Critically THINKING through what I want and the labor to explain logically my thought process has clarified my mind.  I haven’t used logic explicitly, but I have identified my pre-suppositions and values that have been leading me to where I am mid-summer.

Finally, let me point out that I am very much like everyone else in the human race:  when we decide that we want something, even if it’s an irrational outcome, we seek to shore up that decision with rational arguments.  So here’s my ace in the hole:

Matthew 15:11 – It is not what goes into the mouth that makes a person unclean. It is what comes out of the mouth that makes a person unclean.

No, I don’t like supporting big industry meat.  Yes, I prefer the idea of encouraging small quality farms that are committed to healthy and humane raising and slaughtering practices.  But I want a travel fund more!

Follow reason, not the heart in making a decision

9 Dec

My husband used to be in sales  – the kind whose products were invisible and long term.  Life insurance, college accounts, emergency savings, although worthy goals, couldn’t hold a candle to the allure of a shiny new car.  What he learned was that despite a couple’s acquiescence to the need for financial protection, that pure desire for a new car exerted a stronger pull.

new car

The husband would be the one to enumerate all the reasons why the family needed this new van.  Reality taught my husband the truth of the adage: People buy emotionally and justify their purchase rationally. 

My daughter-in-law and her husband face a decision, like all parents, of how to educate their oldest child.  Over the past two years, Anne has considered home-schooling with much turmoil.  She has felt her heart pulled toward this paradigm for various reasons, but last year she enrolled our grandson in pre-school.  At the time, it was the right decision.  The family moved over the summer and they found a 4-year old preschool in their new city.  But the tug to homeschool has grown stronger.

Decision-making is challenging for all of us.   It doesn’t help that in today’s ‘Disney-fied’ world we are counseled to ‘follow our heart’!

Christians should know that according to God, our hearts cannot be trusted.  Only as these hearts are being renewed by the Holy Spirit and informed by a Bible-saturated mind that considers, weighs and evaluates all things can they be trusted.

The other challenge to wading through options is the oppression of the majority.  I’m surprised, yet I shouldn’t be, when I encounter people  who seem to assume that if a majority of people in their country think XYZ, then it must be true.  Where is THAT assumption grounded on?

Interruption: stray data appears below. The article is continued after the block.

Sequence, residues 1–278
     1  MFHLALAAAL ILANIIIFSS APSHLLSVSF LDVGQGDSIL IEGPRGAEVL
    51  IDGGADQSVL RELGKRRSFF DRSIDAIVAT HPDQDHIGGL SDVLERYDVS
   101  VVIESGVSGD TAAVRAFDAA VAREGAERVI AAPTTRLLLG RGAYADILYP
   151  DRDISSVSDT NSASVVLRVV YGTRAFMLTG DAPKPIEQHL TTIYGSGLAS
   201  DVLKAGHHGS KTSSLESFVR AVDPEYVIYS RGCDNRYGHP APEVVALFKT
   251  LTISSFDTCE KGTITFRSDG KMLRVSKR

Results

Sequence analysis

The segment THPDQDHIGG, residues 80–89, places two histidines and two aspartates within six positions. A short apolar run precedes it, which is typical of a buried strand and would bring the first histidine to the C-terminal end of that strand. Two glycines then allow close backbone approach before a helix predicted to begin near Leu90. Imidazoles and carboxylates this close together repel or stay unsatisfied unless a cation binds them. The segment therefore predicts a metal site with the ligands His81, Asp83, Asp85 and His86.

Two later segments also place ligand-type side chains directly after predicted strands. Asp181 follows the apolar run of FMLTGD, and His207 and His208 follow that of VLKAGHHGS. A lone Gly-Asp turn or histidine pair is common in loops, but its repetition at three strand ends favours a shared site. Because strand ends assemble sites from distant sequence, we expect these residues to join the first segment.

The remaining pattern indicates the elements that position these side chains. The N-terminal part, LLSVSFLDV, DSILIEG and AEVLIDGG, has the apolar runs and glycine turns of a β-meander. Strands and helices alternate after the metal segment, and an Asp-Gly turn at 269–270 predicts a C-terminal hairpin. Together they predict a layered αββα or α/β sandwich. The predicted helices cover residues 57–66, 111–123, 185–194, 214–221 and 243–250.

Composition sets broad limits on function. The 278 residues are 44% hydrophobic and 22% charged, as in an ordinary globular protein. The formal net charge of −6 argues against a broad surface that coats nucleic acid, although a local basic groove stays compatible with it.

All Logical Joes and Janes recognize that view as a bald-faced fallacy – Argumentum Ad Populum.  The holders of this view automatically assume minority dissenters must be wrong.

So back to Anne and her recent decision process to switch to homeschooling.  My husband and I have long thought that this couple are well-suited to homeschool.  Furthermore, we have confidence in parents’ ability to equip and guide their children just as well, if not better, than outsourced educational institutions.

As someone who supports critical thinking, I am encouraging Anne to think through her reasons FOR this change.  If the benefits to her and to their children outweigh other options, then she should choose home-schooling.  Her husband, our son, absolutely supports his wife in whichever educational choice she opts for.  She is a full-time mom to their two kids and is the one whose day-to-day responsibilities center on raising the family.

As we talked about this over Thanksgiving Anne gave vent to the real pressure from the world, seeped in ‘majority knows best’ thinking.  But trying to please extended family or current pre-school teachers or friends who evince surprise and trot out, “But what about the social aspect N would be missing?” should carry no weight against researched reasons that matter to the couple.

What about the heart?

Follow your heart

When I mentioned to Anne that Christians are counseled NOT to let feelings and emotions guide our decisions, she balked a bit.  I know that what grounds her reaction is that she truly feels that God has given her the desire to homeschool.  And I don’t discount that.  Maybe we’re using different words.  I might say about a decision: “I don’t feel any check from the Holy Spirit,” thereby giving weight to the ‘affective’ aspect of my choice.